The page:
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“Twilight” music supervisor Alexandra Patsavas discusses the art of the soundtrack

“Twilight” music supervisor Alexandra Patsavas discusses the art of the soundtrack (photo)

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Finding the perfect song to fit a poignant scene in a film can often take months to a year to select. With the right placement, the entire mood of a movie can shift, making all that hard work pay off.

Remember Rocky’s warm-up routine to “Gonna Fly Now” and that pinnacle stair scene? How about when John Cusack’s character in “Say Anything” held up his boombox blasting Peter Gabriel’s “In Your Eyes”? These scenes are easily distinguished as landmark moments in Hollywood and it’s impossible to imagine any other song being played.

IFC chatted with music supervisor Alexandra Patsavas, known for her work in the “Twilight” series, to find out just how she selects the perfect track for each scene and the steps she takes from start to finish.

“Once a music supervisor gets hired, we sit down with the director and talk about the musical feel and vibe of the songs and the movie. That starts the musical conversation that might include CDs going back and forth or listening to tracks together,” Patsavas said. “Sometimes we start pitching tracks while the movie is being shot. And, of course once the movie is assembled and edited a supervisor pitches songs to picture.”

A self-described “new music lifer,” Patsavas said while she typically has several songs in mind for each scene, often one song will become the obvious best fit.

“I think it’s always important to have options. Sometimes a song seems so astonishingly right that those options are additional, lesser ideas. There are all kinds of ways to interpret a scene and it’s really about taking the emotional temperature of what the director is hoping for.”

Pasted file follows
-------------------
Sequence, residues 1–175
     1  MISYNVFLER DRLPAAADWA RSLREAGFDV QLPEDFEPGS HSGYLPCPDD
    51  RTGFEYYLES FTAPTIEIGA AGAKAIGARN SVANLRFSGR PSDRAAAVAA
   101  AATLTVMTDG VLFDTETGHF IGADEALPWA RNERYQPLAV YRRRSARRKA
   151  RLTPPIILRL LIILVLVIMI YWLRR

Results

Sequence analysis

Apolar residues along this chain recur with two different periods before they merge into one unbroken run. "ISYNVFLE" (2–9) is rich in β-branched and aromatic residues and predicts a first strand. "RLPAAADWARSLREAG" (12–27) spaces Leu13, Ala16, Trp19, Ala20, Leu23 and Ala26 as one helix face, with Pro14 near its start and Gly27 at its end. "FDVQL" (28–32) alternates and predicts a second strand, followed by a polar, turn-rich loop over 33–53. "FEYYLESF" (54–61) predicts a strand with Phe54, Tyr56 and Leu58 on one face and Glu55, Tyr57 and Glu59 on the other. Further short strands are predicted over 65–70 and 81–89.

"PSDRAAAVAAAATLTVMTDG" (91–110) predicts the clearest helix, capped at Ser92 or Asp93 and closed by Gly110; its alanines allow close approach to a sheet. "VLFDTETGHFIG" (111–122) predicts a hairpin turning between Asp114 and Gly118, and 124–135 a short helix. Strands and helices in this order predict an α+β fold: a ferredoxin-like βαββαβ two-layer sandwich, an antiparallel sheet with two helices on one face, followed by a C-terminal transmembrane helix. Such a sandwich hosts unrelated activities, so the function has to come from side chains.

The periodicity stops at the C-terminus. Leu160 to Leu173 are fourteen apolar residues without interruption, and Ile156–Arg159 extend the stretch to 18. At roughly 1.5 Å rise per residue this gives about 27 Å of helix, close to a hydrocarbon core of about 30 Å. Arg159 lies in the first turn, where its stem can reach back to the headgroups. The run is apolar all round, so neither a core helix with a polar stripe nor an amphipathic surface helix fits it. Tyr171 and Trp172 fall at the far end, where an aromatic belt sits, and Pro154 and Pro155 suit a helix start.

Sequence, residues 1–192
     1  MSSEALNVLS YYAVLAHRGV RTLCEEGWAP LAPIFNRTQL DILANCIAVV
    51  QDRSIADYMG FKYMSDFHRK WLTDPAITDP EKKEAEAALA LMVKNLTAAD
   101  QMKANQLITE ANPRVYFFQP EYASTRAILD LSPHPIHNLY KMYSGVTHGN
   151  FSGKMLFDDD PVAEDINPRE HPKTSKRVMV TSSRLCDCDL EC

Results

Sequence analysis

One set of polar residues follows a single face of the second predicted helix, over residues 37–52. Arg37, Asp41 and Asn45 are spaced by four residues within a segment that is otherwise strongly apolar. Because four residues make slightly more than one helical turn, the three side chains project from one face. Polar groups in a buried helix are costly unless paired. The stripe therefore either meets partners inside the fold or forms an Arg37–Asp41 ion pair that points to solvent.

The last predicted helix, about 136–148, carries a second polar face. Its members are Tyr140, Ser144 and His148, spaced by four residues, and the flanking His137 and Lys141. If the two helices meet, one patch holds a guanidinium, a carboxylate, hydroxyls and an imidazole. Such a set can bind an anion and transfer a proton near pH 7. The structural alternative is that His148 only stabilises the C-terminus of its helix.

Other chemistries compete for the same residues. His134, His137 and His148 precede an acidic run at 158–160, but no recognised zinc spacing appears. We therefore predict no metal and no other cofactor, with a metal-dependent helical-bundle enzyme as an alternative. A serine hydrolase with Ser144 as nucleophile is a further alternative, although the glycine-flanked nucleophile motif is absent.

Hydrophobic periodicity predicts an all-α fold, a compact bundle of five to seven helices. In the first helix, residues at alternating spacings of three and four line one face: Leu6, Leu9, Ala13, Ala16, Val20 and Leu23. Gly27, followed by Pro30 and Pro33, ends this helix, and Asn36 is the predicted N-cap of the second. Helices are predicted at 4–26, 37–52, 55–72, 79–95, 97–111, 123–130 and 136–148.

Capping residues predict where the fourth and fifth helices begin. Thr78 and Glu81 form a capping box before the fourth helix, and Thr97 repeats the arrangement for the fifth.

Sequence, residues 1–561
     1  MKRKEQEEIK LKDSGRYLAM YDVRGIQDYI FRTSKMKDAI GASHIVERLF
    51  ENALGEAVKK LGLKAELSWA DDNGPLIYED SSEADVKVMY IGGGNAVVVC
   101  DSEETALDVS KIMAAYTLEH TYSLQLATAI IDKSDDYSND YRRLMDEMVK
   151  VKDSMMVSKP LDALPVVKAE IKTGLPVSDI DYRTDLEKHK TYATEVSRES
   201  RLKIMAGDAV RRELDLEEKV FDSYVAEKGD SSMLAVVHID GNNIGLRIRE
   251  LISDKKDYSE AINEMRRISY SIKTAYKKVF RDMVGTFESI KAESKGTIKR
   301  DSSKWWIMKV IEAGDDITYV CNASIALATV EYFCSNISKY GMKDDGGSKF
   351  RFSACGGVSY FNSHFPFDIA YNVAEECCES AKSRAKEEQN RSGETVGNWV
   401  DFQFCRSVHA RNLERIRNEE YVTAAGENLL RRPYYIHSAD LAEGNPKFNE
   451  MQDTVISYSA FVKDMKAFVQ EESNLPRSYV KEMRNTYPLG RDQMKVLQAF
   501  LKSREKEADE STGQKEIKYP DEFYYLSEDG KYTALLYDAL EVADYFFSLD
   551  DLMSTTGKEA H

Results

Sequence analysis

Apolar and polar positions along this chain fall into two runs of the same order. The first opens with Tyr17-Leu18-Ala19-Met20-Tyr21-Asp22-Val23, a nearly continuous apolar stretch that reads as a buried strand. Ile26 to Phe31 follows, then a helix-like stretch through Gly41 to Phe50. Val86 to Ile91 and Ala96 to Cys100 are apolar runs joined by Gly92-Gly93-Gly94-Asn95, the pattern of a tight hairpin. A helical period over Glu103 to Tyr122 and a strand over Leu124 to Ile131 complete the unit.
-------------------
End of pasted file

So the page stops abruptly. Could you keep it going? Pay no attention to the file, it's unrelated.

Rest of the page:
Not an exact science, the song selection process has varied timelines.

“It could take a year if we start looking at the script before the movie is shot. It typically takes about a year for a movie to go from script to screen or it could take the very first time. It’s not a scientific process. It’s more of a creative process so there’s really no rule,” she said.

Patsavas went on to explain that being a music supervisor is like any creative job; you have to have a point of view.

“Music is incredibly subjective and the real magic comes when the producer or the director and the supervisor are in sync on what that musical personality is,” she said.

For those hoping to learn more about the art of song selection, Patsavas stressed the significant role music supervisors have within the film industry.

“I think it’s important to remember that music supervision is not just about a fantastic record collection or knowledge of music, although that certainly helps for aspiring music supervisors. It’s a collaborative process and it’s a partnership with the creative’s on the project,” she said. “The music supervisor is hired to help to create that musical signature, but it’s not in a vacuum and it’s not like putting together a mix tape, although we often get accused of that.”